(16) A bull is male. (17) A bull is female.

    The only language-independent device available is an appeal to truth conditions, and this takes us to the denotata of bull and male. In fact what we need to say is something like (18).

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    (18) In every admissible possible world and time an entity which is a bull is male and in no such world is an entity which is a bull a female.

    Note that the semantic component MALE of Table 1 must be equivalent to the relevant sense of the English word male. Thus, the assumption is that semantic components reflect characteristics of typical denotata as revealed through their intensions across worlds and times. Intensions are what ‘senses’ describe. Some people think of them as concepts, others as the content of concepts (see below). In any case, they provide the justification for postulating the semantic components in Table 1 as a set of inferences such as those in (19).

    (19) For any entity x that is properly called a bull, it is the case that x is adult ⋀ x is male ⋀ x is bovine.

    In fact it is not part of a general semantic characterization of bull that it typically denotes adults; one can, without contradiction, refer to a bull calf. Rather, it is part of the general naming practice for complementary sets of male and female animals. Nor is bull restricted to bovines, it is also used of male elephants, male whales, male seals, male alligators, etc. The initial plausibility of Table 1 and (19) is due to the fact that it describes the prototypical or stereotypical bull (see above). The world of the English speaker is such that bull is much more likely to denote a bovine than any other species of animal, which is why bull elephant is usual, but bull bovine is not. This reduces (19) to something more like (20).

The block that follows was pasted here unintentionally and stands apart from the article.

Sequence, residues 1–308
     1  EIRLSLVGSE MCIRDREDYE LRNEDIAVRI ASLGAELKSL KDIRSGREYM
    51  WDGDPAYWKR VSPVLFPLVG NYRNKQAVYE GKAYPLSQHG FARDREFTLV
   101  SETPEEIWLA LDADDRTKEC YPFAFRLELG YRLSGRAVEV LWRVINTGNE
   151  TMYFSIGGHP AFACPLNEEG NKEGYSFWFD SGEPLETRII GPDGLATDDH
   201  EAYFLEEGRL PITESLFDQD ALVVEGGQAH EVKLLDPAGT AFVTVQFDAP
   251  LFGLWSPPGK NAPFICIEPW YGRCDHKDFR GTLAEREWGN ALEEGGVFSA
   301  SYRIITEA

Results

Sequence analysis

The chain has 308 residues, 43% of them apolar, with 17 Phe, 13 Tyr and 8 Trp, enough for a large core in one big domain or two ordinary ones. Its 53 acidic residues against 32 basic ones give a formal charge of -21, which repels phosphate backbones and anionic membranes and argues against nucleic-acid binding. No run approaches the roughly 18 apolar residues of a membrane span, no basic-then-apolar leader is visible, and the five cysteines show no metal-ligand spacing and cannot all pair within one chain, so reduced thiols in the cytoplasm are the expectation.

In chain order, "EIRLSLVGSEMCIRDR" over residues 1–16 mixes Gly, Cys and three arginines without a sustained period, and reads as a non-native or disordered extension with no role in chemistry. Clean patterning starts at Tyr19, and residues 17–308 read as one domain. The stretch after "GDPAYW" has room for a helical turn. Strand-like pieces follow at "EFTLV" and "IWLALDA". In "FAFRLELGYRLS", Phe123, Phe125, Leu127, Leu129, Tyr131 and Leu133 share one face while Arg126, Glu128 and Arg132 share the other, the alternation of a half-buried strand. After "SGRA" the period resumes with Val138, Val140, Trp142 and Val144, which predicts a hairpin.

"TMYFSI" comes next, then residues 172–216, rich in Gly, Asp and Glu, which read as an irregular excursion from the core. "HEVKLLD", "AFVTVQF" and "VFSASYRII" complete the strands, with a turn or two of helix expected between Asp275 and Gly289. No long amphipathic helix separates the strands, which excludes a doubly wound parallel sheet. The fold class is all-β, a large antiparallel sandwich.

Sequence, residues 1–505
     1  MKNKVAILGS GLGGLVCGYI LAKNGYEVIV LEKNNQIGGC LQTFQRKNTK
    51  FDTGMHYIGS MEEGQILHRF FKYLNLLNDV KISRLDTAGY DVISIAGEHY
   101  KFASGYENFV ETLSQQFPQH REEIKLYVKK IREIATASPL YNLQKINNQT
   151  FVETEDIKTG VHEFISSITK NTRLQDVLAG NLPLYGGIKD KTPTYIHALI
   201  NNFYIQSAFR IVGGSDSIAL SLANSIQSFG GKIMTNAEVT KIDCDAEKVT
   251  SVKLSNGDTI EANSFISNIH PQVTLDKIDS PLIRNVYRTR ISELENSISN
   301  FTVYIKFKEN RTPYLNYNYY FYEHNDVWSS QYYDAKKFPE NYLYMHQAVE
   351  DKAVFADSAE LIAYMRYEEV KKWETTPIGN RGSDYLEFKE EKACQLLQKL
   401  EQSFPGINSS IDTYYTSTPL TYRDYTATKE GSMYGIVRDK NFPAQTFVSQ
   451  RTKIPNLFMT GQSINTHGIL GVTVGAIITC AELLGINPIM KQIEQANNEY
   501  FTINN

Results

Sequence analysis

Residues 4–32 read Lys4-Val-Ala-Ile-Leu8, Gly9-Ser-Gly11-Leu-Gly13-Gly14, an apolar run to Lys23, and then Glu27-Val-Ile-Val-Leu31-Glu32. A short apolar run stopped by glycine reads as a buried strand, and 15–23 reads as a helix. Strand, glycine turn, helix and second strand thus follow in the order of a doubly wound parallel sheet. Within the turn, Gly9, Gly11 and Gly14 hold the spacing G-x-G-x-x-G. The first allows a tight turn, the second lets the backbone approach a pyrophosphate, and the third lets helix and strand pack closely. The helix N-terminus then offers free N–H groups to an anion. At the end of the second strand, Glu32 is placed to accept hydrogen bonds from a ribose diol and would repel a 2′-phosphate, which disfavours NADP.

(20) For any entity x that is properly called a bull, it is the case that x is male and probably bovine.

    What is uncovered here is that even lexical semantics is necessarily dependent on truth conditions together with the probability conditions that are nonmonotonic inferences sometimes equated with implicature (see below).